And there’s also a built-in panorama mode that looks like it takes a video then stitches screen grabs into a panorama? This type of feature was available on the Samsung, and is present on other Android devices either thanks to manufacturers or 3rd-party developers, I’m sure.
The photo gallery app looks very magazine/print-like. It can be sorted by albums, by location, as well as by people tagged in photos. They didn’t go into too much detail about tagging people, but I assume this is manual tagging, like Facebook, not the auto tagging feature that iPhoto on OS X has.
In addition, the video recording capability has been updated to support 1080p, zooming while recording, continuous focus, time lapse, and have a video snapshot feature. However, it’s possible that these are features specific to the Samsung Galaxy Nexus, not necessarily standard to Ice Cream Sandwich, not sure at this point.
5. Updated phone app
The phone app has been updated with the Honeycomb glowing blue color, and the slick Roboto font. If you swipe to the right, the middle tab contains recent calls, and the third tab over contains your contacts. Interestingly, voicemails are accessible right from the recent call list.
If you call someone, you’re greeted with a really elegant-looking screen:
If you get an incoming call and want to dismiss it, you can use a swipe up gesture which opens a list of pre-populated text messages to explain why you didn’t answer the call right then:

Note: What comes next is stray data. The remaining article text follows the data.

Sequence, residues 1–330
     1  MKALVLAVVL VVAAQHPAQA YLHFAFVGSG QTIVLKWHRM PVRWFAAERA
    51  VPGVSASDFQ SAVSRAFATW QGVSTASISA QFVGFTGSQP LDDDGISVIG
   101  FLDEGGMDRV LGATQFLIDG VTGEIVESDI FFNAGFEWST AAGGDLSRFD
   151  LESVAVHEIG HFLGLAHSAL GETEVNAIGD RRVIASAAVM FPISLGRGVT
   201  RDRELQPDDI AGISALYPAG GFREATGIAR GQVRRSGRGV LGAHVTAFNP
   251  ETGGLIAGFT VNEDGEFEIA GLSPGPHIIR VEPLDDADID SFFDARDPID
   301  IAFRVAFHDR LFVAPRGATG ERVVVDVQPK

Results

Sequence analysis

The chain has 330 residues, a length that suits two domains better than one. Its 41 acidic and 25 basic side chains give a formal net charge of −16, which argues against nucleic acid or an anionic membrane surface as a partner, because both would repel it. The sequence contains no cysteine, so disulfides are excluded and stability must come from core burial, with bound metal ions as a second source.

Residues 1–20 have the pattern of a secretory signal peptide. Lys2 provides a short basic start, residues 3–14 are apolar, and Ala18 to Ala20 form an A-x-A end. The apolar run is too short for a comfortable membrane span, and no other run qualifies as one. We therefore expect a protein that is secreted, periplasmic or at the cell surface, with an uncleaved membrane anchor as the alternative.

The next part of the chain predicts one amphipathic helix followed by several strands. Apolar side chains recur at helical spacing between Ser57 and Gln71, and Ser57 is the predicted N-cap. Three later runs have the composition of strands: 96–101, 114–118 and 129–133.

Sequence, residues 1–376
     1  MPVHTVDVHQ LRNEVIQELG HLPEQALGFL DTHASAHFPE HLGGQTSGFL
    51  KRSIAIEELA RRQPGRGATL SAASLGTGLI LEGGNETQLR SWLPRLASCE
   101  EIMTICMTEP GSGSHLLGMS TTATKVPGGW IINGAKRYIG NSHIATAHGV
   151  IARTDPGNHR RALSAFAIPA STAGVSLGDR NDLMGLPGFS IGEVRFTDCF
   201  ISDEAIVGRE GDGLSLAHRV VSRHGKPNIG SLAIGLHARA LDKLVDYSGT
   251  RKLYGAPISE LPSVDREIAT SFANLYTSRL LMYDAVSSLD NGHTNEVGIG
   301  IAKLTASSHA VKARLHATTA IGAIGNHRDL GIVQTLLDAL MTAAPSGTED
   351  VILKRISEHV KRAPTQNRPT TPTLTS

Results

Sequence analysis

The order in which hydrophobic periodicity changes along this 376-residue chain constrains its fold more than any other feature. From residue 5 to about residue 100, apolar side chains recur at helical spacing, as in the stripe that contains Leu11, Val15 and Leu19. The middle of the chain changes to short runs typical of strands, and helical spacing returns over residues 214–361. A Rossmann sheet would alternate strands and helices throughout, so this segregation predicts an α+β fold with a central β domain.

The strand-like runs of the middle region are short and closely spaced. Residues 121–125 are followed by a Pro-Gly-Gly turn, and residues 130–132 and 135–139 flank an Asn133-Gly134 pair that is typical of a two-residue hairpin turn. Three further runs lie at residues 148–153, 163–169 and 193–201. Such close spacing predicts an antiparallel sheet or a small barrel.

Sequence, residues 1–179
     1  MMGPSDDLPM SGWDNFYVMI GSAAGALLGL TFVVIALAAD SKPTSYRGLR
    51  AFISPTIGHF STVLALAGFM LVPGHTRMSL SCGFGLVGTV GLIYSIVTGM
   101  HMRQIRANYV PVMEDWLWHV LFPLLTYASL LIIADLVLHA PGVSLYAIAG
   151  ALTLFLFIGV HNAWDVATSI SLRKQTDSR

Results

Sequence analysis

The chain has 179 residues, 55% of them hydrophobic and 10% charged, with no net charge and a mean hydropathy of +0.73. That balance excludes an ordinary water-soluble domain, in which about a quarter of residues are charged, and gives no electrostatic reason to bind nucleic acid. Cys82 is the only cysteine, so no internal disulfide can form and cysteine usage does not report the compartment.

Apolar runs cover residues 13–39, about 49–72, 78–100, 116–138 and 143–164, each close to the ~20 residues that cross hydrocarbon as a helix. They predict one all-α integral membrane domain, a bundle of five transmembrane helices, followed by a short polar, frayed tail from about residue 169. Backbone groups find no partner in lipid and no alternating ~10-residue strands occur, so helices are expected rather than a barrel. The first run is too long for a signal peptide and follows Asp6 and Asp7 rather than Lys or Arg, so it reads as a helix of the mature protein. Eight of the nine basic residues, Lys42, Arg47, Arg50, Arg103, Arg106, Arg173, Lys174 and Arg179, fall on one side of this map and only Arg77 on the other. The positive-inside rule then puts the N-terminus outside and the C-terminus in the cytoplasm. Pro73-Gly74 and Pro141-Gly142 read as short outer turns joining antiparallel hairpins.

The contacts app is now called the People app, and has a clean new look.
When you drill down into a person’s info, you’ll see all their contact info, and can swipe to the right for their recent status updates. This kind of seems like MOTOBLUR.
It was also mentioned that contact info is synced to the cloud, so if a person updates their phone number, e-mail, etc., those changes are synced to your device. It wasn’t really described in detail how this would happen, though.
6. Data usage monitoring, mobile data limits and warnings
This is kind of a big surprise, but definitely a welcome one. Right from your device settings menus, you can see your mobile data usage. The dotted line shows projected usage based on your current levels of data usage. You can even drill down and see just which apps are using a lot of data, and turn off background data access, forcing the apps to only access mobile data when you manually request it. And if you set a mobile data limit, you can configure warnings and hard caps.
Are you still reading? Good job! The last feature I wanted to outline is this interesting NFC-based feature called “Android beam”. Similar to the current Bump app in iOS and Android, you can touch two phones together to share different kinds of information. You have to touch the screen to confirm that you want to share something, so no need to worry about inadvertently sharing info.Currently you can share URLs, map information from Google Maps, YouTube videos, and most interestingly (IMO), links to Android apps.
In the live demo, one phone had the Minecraft Pocket app open, and the other phone didn’t have the app installed. When the two phones were touched together, the second phone opened the Android Market to the page for Minecraft Pocket. Pretty nifty. This functionality will have an API available to developers, so it’ll be interesting to see how they use it.
Speaking of which, the Ice Cream Sandwich is available to developers starting today, Oct. 18, so if you’re interested in checking out all of the new features, feel free to hit up the Android developer site here.
If you want to watch the Ice Cream Sandwich portion of the Samsung-Google announcement, you can do that below: